Friendships and wellbeing: How you can achieve harmony in your early learning environment
Friendships and wellbeing: How you can achieve harmony in your early learning environment

Friendships and wellbeing: How you can achieve harmony in your early learning environment

There’s nothing more rewarding for an educator than seeing beautiful friendships and bonds form between the children in their early learning environment. For some children however, if they’re timid around others or apprehensive about being away from their parents, forming friendships can be difficult.

How can we encourage friendships to organically grow and help children to be comfortable, regardless of their personality and interests?

Why are friendships important for young children?

Friendships are crucial to helping shape a child’s social and emotional development, sense of empathy, communication skills and self-confidence. Working towards positive relationships also contributes to achieving several EYLF outcomes. This goes to show friendships aren’t just having someone to play with every day – they help to meet the all-important outcomes that you work hard to achieve through your teachings.

Happy children make a happy environment, helping the emotional wellbeing of everyone involved. So, how can you guide the children in your early learning environment to form meaningful relationships that will help them enjoy their days with you?

‘Show and tell’

Is ‘show and tell’ a regular event in your early learning environment? ‘Show and tell’ is a great way to encourage children to share their interests and experiences, which allows them to be their true selves around their peers. This works contributes to achieving Learning Outcome 2: Children are connected with and contribute to their world. By feeling a sense of connectedness with their world, children feel confident within themselves, giving them the opportunity to make friends and show their peers their true selves.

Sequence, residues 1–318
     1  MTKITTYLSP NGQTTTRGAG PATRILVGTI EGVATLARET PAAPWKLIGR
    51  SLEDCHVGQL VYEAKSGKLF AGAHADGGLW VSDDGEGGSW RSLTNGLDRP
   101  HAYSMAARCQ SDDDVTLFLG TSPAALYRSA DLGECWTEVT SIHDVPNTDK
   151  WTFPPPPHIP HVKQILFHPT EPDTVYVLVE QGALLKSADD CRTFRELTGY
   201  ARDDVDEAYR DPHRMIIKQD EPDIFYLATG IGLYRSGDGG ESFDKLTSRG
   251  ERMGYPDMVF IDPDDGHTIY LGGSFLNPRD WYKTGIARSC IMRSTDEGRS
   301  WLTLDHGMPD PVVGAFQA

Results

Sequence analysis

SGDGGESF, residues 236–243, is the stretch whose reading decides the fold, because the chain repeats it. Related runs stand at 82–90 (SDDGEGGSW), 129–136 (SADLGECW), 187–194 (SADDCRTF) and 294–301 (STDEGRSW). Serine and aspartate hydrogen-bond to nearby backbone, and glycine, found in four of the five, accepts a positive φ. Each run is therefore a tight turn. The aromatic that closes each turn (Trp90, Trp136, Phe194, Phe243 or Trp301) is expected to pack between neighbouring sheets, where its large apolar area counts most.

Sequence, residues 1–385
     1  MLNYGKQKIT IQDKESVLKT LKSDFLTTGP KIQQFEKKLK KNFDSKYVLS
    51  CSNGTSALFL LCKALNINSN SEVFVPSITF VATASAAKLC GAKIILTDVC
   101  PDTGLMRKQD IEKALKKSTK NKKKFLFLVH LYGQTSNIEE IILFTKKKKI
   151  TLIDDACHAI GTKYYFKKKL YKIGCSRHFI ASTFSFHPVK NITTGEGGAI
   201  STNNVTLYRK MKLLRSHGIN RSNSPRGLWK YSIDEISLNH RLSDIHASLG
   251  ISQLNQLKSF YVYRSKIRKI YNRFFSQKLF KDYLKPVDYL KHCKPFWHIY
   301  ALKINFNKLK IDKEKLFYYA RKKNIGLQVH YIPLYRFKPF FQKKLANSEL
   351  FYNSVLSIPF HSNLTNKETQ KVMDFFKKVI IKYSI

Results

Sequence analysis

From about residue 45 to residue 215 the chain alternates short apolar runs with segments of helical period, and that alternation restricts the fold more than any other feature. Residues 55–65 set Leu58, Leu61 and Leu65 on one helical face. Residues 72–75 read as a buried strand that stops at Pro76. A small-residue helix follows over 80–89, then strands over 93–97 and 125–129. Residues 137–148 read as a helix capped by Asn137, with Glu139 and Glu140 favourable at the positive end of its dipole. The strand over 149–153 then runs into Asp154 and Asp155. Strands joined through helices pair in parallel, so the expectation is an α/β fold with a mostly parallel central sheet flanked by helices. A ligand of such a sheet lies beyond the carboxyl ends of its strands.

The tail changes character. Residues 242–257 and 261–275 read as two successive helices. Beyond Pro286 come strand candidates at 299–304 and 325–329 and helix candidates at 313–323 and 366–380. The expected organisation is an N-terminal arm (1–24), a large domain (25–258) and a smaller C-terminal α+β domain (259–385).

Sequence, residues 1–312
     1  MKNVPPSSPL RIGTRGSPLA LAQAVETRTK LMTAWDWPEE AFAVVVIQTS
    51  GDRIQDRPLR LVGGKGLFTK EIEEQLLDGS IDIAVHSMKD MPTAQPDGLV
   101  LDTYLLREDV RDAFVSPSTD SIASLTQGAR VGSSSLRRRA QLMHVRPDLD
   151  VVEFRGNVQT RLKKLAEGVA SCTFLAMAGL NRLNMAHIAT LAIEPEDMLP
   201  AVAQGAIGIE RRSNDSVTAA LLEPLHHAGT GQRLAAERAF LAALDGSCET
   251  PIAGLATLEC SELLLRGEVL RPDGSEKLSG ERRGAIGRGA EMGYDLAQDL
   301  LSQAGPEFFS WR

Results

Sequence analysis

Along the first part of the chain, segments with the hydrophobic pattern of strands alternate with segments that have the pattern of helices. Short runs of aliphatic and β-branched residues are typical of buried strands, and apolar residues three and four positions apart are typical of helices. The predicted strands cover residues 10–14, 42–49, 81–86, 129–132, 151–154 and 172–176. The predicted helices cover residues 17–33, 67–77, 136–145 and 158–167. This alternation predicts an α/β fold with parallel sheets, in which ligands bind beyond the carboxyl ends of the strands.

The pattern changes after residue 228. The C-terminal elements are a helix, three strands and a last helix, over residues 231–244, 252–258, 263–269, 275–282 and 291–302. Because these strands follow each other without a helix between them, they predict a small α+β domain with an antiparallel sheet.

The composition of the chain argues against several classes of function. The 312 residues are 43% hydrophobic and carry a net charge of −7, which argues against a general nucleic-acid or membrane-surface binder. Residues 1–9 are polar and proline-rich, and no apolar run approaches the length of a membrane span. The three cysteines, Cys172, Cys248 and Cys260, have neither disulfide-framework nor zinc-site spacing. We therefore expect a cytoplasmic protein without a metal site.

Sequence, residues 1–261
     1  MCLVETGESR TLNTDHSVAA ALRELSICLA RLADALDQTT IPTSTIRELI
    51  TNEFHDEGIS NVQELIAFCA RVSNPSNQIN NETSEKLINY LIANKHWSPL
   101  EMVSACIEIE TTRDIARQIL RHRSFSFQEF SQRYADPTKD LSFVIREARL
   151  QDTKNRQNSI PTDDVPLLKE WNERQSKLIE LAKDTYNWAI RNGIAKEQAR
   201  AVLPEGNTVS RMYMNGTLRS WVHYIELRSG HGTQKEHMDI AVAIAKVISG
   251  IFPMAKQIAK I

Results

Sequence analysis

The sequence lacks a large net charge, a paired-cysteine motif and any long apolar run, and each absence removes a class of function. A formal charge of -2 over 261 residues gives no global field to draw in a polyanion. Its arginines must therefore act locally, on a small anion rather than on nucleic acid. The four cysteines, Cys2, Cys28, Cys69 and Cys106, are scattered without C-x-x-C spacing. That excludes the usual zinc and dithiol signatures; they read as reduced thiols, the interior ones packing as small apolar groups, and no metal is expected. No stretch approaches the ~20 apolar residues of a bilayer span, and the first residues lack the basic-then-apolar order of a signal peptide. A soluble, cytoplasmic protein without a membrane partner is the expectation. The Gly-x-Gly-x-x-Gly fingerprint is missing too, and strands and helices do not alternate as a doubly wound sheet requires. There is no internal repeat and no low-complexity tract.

‘Show and tell’ doesn’t have to be anything fancy or something for parents to stress over the night before, scrambling to find something for their child to showcase. You could encourage children to bring in just one photo to talk about – perhaps from a family holiday or a fun occasion – or one favourite toy from home. To put a fresh spin on this activity, if children are bringing in a toy from home, you could even encourage them to do their show and tell in a role play setting to encourage imagination and engagement from their peers. Encouraging children to show interest in their peers’ experiences and favourite things gradually builds up bonds and rapport over time.

Celebrate diversity

Learning Outcome 1: Children have a strong sense of identity is the outcome consistently achieved through building relationships. Children develop a strong sense of identity when they feel like they belong and are comfortable with their peers and educators. A great way to help children feel sure of their identity is to celebrate diversity.

Holding a ‘Diversity Day’ is an outlet for children to share their different cultures, family situations and abilities. Perhaps this could include wearing clothing that represents their culture? Drawing a picture of their family and talking about their family dynamic? Children who are neurodiverse might want to showcase a unique skill or be encouraged to explain or draw the unique ways their brain works? No matter what diversity looks like in your early learning environment, openly discussing it helps children to understand what it means which in turn empowers children to feel a greater sense of belonging and connectedness with the world around them.

When children feel connected, understood and included, this helps their emotional wellbeing. Emotional wellbeing is so important for any child in an early learning environment as they’re more likely to approach tasks with enthusiasm, be willing to learn, and willing to bond with their peers.

Encouraging friendships among children doesn’t need to involve grand gestures or elaborate team building activities. By allowing children to be themselves, and connect with each other through understanding and acceptance, you’re paving the way for them to find meaningful friendships in an environment that they love and look forward to coming to every day.

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